He was kinda little Prince-ish in a sense because he would talk about the stuff that really mattered to us. He and my brother would have in-depth conversations about video games. He would engage me in long-ass discussion on Guns n’ Roses and how Slash was the best guitarist, ever. (He couldn’t relate with my New Kids addiction though, and was totally outraged when I boldly proclaimed that they were way better than the Beatles).
Even his hobbies were pretty unsophisticated and child-like. He would spend hours on his work room building stuff (more on that later) and would be perfectly content watching boxing or Animal Planet the whole weekend. (I remember how he would gleefully exclaim every time a predator would catch an antelope or some other prey after hours of tense hunting, “Uy! Dali si kolokoy!”)
Because of my dad, I learned that the simplest things were the funnest. And you can keep on enjoying yourself like a kid even if you’re burdened with “adult” responsibilities.
My dad loved making stuff. His workroom was his happy place and and he would spend hours building, creating, repairing or taking things apart.
He could construct anything with his hands and was pretty indiscriminate about what projects he would engage in.
He obsessively worked on various endeavors from practical stuff like making tables and repairing broken gadgets, to sculpting little statues and drawing posters and even to sewing costumes and repurposing old t-shirts. He once decided to create an AM radio from left over electrical pieces and used an old intercom as the casing just because it was fun.
All my cousins have at least one costume made by dad. I remember for one school activity, my brother won an award for coming as a banana that my dad sculpted from paper mache (Yes a banana. He went to a Catholic school that had no concept of cool. The whole class was made to dress up as fruits. The other section had to dress up as religious leaders. So my banana brother shared the stage with a tomato, a rabbi and a monk during the awards ceremony. I’m not making this stuff up).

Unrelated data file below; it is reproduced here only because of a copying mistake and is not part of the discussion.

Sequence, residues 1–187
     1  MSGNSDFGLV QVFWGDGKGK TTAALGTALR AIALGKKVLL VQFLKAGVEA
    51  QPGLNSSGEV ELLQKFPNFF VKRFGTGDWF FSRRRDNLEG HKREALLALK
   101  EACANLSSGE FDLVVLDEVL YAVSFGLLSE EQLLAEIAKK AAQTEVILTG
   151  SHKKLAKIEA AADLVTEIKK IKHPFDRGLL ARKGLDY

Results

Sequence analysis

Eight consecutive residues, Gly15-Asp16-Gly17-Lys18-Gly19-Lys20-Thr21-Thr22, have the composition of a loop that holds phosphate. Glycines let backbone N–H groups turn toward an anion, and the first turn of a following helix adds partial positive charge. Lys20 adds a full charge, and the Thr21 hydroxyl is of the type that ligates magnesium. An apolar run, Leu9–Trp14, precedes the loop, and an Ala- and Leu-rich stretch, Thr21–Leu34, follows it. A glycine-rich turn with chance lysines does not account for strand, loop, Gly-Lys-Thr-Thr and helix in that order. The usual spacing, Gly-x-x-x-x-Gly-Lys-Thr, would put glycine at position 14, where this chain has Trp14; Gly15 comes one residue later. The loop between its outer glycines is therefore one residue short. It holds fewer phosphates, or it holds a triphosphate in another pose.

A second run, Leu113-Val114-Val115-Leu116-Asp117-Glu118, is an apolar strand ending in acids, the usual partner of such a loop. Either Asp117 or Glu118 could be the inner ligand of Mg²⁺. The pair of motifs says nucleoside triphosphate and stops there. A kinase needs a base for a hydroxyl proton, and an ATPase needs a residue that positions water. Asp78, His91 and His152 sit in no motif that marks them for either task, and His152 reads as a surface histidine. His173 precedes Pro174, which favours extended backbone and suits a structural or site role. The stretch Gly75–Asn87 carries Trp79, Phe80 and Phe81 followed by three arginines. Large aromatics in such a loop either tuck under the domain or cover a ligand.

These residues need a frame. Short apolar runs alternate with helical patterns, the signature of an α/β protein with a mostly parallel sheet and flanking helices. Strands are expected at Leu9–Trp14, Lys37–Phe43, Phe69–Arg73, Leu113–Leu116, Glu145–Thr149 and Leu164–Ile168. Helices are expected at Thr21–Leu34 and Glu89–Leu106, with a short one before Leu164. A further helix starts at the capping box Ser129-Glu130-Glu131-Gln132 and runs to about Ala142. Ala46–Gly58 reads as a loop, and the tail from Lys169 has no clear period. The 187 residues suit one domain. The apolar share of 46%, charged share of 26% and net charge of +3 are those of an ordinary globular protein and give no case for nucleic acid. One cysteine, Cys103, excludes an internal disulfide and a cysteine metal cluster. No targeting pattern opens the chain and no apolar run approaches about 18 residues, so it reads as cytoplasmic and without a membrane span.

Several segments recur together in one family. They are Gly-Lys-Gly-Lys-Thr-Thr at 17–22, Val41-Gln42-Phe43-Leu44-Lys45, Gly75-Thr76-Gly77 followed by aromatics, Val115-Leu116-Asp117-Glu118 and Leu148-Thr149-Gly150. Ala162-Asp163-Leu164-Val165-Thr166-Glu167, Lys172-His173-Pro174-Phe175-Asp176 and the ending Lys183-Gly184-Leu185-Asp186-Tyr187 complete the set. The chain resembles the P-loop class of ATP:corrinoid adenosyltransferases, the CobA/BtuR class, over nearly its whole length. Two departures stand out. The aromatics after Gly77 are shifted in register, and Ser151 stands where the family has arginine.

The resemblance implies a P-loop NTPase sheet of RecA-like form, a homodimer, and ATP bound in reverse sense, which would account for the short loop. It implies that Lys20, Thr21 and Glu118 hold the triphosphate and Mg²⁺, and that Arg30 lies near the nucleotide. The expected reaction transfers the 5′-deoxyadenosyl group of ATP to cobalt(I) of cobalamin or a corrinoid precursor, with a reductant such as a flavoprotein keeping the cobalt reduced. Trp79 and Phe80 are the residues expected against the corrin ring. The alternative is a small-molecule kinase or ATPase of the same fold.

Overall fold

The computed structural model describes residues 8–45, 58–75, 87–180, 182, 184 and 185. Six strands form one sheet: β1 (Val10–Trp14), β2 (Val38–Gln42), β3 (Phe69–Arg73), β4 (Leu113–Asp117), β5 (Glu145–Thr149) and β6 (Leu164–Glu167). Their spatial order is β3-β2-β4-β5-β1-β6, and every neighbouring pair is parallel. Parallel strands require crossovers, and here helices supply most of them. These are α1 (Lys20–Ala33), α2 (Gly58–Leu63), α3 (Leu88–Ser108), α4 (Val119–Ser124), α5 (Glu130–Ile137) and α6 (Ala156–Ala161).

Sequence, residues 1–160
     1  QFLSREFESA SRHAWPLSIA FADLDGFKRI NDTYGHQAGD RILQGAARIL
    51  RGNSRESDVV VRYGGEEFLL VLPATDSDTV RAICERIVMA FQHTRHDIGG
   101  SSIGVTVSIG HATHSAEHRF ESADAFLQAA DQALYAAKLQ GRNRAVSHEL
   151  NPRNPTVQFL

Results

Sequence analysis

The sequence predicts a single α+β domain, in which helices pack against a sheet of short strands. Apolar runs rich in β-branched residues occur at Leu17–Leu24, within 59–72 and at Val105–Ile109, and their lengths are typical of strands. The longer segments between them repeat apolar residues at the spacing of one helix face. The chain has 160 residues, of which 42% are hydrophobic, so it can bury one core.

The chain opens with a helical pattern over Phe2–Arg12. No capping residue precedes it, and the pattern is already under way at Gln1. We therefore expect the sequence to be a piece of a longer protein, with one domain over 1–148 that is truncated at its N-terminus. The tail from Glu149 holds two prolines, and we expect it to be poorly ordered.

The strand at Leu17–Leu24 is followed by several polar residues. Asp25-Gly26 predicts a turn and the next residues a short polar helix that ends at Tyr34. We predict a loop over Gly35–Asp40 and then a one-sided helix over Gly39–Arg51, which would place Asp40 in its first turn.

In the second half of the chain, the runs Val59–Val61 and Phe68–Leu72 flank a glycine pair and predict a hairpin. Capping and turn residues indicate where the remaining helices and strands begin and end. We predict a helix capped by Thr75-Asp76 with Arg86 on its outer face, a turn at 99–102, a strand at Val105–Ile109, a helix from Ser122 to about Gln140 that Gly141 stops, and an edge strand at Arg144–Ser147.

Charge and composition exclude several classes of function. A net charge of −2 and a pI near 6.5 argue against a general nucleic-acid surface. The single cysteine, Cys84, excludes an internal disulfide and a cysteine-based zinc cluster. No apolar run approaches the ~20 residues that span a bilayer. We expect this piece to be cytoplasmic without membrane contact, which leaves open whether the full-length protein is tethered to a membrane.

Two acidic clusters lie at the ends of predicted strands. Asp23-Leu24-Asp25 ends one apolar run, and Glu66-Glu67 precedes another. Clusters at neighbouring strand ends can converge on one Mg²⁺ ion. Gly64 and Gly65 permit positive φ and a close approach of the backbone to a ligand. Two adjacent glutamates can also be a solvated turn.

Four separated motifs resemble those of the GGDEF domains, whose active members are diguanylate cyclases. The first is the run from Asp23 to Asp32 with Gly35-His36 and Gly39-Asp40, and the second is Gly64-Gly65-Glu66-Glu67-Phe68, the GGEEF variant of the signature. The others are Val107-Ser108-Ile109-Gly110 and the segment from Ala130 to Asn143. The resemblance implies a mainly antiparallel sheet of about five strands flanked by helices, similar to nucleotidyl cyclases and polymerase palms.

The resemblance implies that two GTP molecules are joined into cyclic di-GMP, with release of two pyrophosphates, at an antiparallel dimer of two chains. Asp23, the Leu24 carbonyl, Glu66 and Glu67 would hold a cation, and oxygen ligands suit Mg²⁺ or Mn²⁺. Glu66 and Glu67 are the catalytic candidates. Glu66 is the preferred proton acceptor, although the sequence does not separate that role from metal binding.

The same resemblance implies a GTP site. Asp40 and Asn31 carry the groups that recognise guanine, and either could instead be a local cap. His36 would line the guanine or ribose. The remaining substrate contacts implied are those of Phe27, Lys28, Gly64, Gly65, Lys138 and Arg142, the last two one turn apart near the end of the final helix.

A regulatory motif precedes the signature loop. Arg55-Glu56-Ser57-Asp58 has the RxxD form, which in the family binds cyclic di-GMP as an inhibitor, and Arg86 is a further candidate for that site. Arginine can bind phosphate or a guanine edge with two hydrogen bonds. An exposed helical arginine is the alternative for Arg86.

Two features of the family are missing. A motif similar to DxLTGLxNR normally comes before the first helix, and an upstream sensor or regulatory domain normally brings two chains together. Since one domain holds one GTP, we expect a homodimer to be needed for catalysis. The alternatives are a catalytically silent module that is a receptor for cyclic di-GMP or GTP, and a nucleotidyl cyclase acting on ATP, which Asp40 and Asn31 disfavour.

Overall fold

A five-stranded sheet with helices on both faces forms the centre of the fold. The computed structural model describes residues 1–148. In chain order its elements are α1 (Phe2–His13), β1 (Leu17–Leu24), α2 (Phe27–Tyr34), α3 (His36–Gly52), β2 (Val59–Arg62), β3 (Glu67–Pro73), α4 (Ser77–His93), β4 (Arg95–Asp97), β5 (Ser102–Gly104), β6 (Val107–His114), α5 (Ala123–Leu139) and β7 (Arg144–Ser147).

Growing up, we rarely had to call “a guy” for anything. Whether it was a leaking faucet, some faulty wiring , a broken vhs player or even a torn shirt, we expected my dad to fix it.
It’s one thing that I really miss now that I have my own household. I would try to channel my dad every time I would engage in a new DIY project (Apparently creative genes are not inherited because I always ended up with dismal results). My husband also gets a lot of judging looks every time he calls the maintenance for repairs.
Okay, this is going to sound like a daddy’s girl gushing about her beloved papa’s extraordinary talent. But dad was a genius.. My lola, always claimed that among her highly intelligent brood, my dad was the smartest (she had an MA in guidance counseling and had the standardized tests to back it up).
All of her children were extremely accomplished in school and received various awards. Except unfortunately, for my dad. He was, how do you say this nicely, the least academic. Papa hated school and actually flitted from one university, and one course to the other.
He however, absorbed information like a sponge and knew a lot about everything. Before Google was invented, my brother and I had our Papa. And we would badger him with questions for school or just because we’re curious about mundane, everyday things. He usually had an answer for everything we threw at him, and if he didn’t, he would patiently research on it and would try to explain things to us in a manner that we both understood.
Even for aches, pains and other medical problems, we expected my dad to fix things. Most of his recommended methods and medicines produced great results, so I still swear by them until now. (Well except maybe for his weird attempts to practice acupressure. I used pretend that I was all better just so he would stop pressing on my palm.)